Ancient fish solves one of your childhood mysteries about teeth

A tale of milk teeth and ancient fish.

What causes running pain and why it’s a sign ‘you’re doing it right’

There’s a common misconception that some people just aren’t made to run. Here’s what science says, instead.

Browse the brain one cell at a time in the most detailed atlas ever made

And the Allen Brain Atlas is free to use. Hurray!

This 3D printing of a female clitoris shows how much you don’t know about female genitalia

Take a look at this image. What do you think it is?

Synthetic heart tissue bypasses the use of animal-sourced valves, arteries and veins

The synthetic tissue is safer and more reliable than that sourced from dead pigs or human cadavers.

A smart brain is not only big, but blood thirsty too

The brain needs a lot of blood to be smart.

Detailed new map of human brain reveals almost 100 new regions

Just like space, the human brain has plenty of uncharted territory.

Research suggests turtle shells evolved for digging, not protection

The discovery highlights how trait functions can change with evolution.

Researchers find what’s giving you dandruff – and it’s probably not what you think

Dandruff is the most common scalp condition, yet we know surprisingly little about it.

Why we get goosebumps

Goosebumps are strange. We get goosebumps when we’re cold, when we’re afraid, and sometimes when we’re really excited – three very differen

Scientists create artificial skin that sprouts new hairs and sweats

Creating artificial skin may sound weird, but it can be extremely useful (or even life saving) for people who suffered from burns or any type of similar accident; it is also useful for testing drugs or cosmetic products. Skin transplants are a growing need, and many teams from across the world hope to one day be able to create artificial

Scientists find genes that influence hair color and shape

A new study has mapped the genetic variations responsible for differences in the distribution, shape and colour of facial and scalp hair.

How do we hear and other eary functions

I like my ears. I’ve been told they go well with my face and they’re really efficient at holding my hair out of my eyes, like ad hoc hair band. And I get two of them! Yay for ears!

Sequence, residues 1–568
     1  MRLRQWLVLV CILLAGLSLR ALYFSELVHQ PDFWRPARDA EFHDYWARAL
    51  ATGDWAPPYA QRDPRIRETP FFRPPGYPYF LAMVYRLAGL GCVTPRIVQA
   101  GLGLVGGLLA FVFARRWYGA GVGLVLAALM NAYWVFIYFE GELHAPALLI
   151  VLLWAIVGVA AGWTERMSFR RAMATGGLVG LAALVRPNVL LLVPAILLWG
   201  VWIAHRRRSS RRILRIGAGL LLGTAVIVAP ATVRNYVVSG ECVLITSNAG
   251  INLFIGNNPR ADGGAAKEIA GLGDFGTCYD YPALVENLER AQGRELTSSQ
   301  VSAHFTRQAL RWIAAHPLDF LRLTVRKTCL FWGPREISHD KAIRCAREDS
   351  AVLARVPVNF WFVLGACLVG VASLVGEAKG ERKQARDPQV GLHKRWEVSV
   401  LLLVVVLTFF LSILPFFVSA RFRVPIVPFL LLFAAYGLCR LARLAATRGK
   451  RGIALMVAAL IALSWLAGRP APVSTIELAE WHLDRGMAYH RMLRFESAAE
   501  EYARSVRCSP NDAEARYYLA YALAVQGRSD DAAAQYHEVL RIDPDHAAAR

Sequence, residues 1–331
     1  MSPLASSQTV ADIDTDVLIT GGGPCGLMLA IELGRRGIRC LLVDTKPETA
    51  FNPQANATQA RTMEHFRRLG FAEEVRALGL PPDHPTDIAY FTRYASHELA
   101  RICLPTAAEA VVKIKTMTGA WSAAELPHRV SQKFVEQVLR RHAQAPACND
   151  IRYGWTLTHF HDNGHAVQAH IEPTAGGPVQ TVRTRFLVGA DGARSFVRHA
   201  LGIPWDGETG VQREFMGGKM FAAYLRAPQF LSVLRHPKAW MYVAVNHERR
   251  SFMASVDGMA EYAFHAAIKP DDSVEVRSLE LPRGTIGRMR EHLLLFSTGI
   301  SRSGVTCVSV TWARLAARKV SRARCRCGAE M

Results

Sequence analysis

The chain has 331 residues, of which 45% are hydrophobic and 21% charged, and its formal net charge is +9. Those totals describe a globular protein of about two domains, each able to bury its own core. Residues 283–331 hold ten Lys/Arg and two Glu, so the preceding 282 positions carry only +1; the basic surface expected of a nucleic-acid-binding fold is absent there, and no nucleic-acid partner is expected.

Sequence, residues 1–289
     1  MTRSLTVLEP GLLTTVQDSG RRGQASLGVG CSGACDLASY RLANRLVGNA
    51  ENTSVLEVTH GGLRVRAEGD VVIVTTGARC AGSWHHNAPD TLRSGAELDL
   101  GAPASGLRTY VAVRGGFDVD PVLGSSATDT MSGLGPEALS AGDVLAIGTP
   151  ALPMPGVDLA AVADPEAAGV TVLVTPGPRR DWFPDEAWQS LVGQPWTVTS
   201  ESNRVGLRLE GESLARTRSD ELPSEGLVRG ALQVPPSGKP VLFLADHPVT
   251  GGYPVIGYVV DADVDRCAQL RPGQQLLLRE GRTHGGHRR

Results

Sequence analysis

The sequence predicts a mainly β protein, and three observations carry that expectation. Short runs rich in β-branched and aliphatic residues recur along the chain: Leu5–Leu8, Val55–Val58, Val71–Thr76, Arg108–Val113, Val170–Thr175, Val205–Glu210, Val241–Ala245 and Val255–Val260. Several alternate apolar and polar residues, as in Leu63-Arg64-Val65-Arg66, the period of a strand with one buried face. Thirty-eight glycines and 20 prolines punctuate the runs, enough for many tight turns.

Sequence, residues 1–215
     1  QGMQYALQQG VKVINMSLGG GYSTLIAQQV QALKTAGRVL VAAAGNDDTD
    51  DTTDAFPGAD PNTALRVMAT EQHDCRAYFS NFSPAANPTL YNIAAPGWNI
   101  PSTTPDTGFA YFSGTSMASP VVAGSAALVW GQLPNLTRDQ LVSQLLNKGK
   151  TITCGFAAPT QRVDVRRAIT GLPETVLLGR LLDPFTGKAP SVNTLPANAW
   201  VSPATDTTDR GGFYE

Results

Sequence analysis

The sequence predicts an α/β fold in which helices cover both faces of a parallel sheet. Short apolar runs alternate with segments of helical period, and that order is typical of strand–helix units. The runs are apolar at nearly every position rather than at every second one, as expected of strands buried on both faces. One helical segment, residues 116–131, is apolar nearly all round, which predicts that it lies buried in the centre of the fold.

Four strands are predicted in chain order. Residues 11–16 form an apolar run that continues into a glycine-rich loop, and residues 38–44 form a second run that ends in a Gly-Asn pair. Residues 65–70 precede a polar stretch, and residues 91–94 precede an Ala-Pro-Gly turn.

But (spoiler alert) these are not our ears’ primary functions. The workings of our ears’ internal mechanisms underpin two of our senses — hearing and balance (called equilibrioception).

How the eye works: what you can’t see

How eyesight works and other functions.

Depression in children changes the brain for life

Researchers at the Washington University School of Medicine in St. Louis, looking into the effects depression has on the brain have found proof linking the disorder with abnormal brain development in preschoolers. Their study, published in the journal JAMA Psychiatry, shows how gray matter is thinner and lower in volume in the cortex, an area of the brain that plays a key role in processing emotions.

Popeye gene mutations linked to heart and muscle conditions

Scientists from the University of Ferrara, Italy collaborating with the Beijing Genomics Institute have isolated a gene that, when mutated, causes muscle tissue to become significantly weakened and damaged. Their findings, published in The Journal of Clinical Investigation, show how the gene, dubbed Popeye domain containing-1, has a role in ‘gluing’ muscles cells together.

Scientists image organs at microscopic scales

In a new study published in Nature, researchers have demonstrated a technique that allows the mapping of organs at microscopic scales.

Canadian Doctors Treats Brain Tumor in World First

The blood-brain barrier has been broken for the first time in history, and this can revolutionize some areas of cancer treatment.

Scientists gain an entirely different view on how blood is formed

Scientists have gathered a completely new understanding of how blood is formed in the body, potentially revolutionizing the dogma standing since the 60s.

Malaria protein that kills cancer to begin human trials in 2019

Scientists have in the past toyed with the idea of using a disease to fight cancer. Now, after identifying a malaria protein that binds to cancer cells and kills 95% of tumor types, human trials are expected to start within four years. I doesn’t seem like it’s happening fast, but it is, in medical terms. Clinical trials take a lot of